There have always been places where forms of quiet or silence is a given, like church, a sleeping baby’s room, a hospital, or during the national anthem out of respect for the faithful, the very young, the sick, or our country.
There are also those places where quiet is necessary for positive outcomes like a classroom, a quiet room for autistic individuals, or even at a Lighted Horse Parade (like in Barnes this past Saturday). Too much noise can cause stress on certain people or animals.
One more quiet space, of course, is the library. Reading a book, getting on-line, or listening with earphones to an audiobook all require a certain amount of outside soundlessness.
This need for quietude in our libraries have given librarians this stereotype of being unattractive with angry faces and a shush finger to their pursed lips. So unfair, but I, too, have developed that librarian tick. It is an occupational job hazard that I did not look into before accepting this position.
A second grade student, not necessarily known for her quietness, asked if I could silence the kids just outside the library that were skateboarding on the sidewalk so she could concentrate on the computer. Young people come in and are very mindful of the quiet rule. Older patrons just know.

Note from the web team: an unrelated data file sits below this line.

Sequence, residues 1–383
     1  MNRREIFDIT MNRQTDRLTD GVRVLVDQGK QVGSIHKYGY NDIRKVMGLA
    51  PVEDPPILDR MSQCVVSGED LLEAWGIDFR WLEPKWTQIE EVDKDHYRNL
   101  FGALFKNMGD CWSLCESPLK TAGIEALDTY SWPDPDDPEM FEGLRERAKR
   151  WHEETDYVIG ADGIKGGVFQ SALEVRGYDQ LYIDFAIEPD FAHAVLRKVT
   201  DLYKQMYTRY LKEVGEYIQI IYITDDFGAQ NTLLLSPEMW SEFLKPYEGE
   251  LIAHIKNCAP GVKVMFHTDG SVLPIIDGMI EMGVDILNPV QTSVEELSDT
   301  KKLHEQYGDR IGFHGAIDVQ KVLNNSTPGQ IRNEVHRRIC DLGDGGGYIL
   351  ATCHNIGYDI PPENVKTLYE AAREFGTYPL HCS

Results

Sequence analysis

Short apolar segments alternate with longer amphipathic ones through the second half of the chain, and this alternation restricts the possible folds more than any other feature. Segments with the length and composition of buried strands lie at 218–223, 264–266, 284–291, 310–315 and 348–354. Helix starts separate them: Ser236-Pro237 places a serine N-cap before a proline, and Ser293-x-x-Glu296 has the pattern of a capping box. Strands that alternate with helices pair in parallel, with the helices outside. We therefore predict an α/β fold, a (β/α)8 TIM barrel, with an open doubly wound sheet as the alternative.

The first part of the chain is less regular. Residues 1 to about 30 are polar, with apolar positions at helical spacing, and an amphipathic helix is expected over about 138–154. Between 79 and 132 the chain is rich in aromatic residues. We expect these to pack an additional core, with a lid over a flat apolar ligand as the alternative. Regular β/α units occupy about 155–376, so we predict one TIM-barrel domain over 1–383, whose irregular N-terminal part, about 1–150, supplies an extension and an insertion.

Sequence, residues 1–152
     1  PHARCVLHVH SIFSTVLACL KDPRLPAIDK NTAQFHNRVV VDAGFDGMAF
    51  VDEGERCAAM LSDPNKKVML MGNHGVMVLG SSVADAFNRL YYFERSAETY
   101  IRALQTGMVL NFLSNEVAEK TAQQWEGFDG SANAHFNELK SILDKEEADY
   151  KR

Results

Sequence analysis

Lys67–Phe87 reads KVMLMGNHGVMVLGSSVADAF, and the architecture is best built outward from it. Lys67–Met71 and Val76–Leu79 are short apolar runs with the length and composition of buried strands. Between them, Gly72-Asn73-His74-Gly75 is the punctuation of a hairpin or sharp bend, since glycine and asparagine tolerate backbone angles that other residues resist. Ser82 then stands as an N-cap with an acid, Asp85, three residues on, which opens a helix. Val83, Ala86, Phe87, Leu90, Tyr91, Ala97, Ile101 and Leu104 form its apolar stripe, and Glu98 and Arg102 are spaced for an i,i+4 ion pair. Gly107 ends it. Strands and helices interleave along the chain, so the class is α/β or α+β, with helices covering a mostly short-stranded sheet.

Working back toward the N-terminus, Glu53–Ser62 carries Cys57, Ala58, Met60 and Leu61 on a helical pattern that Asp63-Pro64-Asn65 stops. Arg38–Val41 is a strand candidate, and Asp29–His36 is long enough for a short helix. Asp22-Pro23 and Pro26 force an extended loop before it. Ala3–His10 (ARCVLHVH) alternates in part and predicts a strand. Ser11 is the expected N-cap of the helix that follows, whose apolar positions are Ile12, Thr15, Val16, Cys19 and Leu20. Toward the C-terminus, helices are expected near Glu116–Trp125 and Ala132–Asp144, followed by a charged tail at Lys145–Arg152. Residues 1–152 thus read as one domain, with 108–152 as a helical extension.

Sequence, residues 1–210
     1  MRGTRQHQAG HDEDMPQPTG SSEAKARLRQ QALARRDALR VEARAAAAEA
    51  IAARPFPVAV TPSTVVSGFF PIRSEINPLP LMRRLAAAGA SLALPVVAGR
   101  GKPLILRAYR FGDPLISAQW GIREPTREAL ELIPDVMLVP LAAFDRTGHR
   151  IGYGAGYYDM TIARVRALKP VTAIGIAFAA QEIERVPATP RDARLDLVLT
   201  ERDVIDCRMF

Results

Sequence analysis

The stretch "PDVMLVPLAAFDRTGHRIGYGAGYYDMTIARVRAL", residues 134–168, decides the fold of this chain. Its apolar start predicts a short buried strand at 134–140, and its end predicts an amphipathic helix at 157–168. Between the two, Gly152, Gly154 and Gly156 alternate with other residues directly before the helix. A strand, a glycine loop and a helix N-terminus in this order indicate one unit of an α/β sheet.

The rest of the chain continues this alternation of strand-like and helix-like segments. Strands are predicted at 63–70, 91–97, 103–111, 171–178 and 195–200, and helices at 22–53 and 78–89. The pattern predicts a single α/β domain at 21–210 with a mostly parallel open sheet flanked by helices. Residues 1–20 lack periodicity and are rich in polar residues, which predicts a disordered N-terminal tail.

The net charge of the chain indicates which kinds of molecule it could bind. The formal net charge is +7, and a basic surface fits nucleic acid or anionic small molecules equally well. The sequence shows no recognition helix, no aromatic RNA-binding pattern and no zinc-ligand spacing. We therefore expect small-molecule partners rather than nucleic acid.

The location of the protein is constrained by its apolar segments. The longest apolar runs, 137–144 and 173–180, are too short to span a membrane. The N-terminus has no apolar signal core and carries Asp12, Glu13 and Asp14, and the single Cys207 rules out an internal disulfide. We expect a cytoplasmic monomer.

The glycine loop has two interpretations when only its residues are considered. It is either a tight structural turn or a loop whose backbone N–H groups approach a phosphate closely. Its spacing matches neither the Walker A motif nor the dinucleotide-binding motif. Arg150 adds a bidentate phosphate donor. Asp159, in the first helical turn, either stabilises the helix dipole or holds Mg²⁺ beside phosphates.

Many people say they can multitask and can listen to music and read or search on line simultaneously. Maybe they can. As for me and this library, “Shh!”
New books and movies have quietly made their way into the library.
Mrs. Claus will be giving gift books to her story time listeners on Dec. 5.
Many newly donated books have come into our “book sale” room. Come early and often for the best selection to give as gifts or as a present to yourself.
Newer edition magazines have also been donated and are free to those needing holiday ideas for health, travel, or decorating.
Two men drove past a construction site and one said, “Rumor has it, it’s going to be a library….of course, it’s all been very hush, hush.”